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Roborovski dwarf hamster facts for kids

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Roborovski hamster
Conservation status
Scientific classification
Genus: Phodopus
Species: roborovskii
Distribution of P. roborovskii

The Roborovski hamster (Phodopus roborovskii; formerly Cricetulus bedfordiae), also known as the desert hamster or Robo dwarf hamster, is the smallest of three species of hamster in the genus Phodopus, averaging under 2 centimetres (0.8 in) at birth and 4.5–5 centimetres (1.8–2.0 in) and 20–25 grams (0.71–0.88 oz) during adulthood. Distinguishing characteristics of the Roborovskis are eyebrow-like white spots and the lack of any dorsal stripe (found on the other members of the genus Phodopus). The average lifespan for the Roborovski hamster is three years, though this is dependent on living conditions (extremes being four years in captivity and two in the wild). Roborovskis are known for their speed and have been said to run an equivalent of four human marathons each night on average.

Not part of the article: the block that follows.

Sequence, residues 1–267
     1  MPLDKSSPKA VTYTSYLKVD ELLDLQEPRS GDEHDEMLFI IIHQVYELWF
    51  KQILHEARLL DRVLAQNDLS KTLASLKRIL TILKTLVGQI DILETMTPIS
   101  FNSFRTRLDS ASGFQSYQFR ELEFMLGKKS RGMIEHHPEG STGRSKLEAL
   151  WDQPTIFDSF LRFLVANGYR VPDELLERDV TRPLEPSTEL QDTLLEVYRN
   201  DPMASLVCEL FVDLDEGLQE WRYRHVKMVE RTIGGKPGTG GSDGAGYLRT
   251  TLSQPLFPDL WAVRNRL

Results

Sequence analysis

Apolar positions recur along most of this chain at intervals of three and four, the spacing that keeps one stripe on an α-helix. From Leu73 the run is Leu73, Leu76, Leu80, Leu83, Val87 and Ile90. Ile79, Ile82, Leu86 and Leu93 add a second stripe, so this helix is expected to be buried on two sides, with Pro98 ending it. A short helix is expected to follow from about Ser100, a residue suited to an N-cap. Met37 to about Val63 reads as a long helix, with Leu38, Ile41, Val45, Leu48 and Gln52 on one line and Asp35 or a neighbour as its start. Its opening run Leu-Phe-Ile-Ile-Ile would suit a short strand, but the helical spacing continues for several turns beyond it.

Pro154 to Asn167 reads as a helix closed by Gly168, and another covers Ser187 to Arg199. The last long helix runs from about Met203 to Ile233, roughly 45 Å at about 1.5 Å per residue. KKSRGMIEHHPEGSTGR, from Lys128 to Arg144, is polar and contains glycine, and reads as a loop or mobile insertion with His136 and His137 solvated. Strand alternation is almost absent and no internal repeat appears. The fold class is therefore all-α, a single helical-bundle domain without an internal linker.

Distribution and habitat

Roborovski hamsters are found in desert regions, such as the basin of the lake Zaysan in Kazakhstan and regions of Tuva, Mongolia and Xinjiang in China. The hamsters inhabit areas of loose sand and sparse vegetation and are rarely found in areas of dense vegetation and solid clay substrates. They live at elevations of around 1,200 metres (3,900 ft)–1,450 metres (4,760 ft) and although research has been carried out, no fossil record exists for this species. Their efficient use of water makes them particularly suited to the steppe and desert regions they inhabit. They dig and live in burrows with steep tunnels as deep as six feet underground. In the wild, Roborovski hamsters are crepuscular, being most active at dawn and dusk.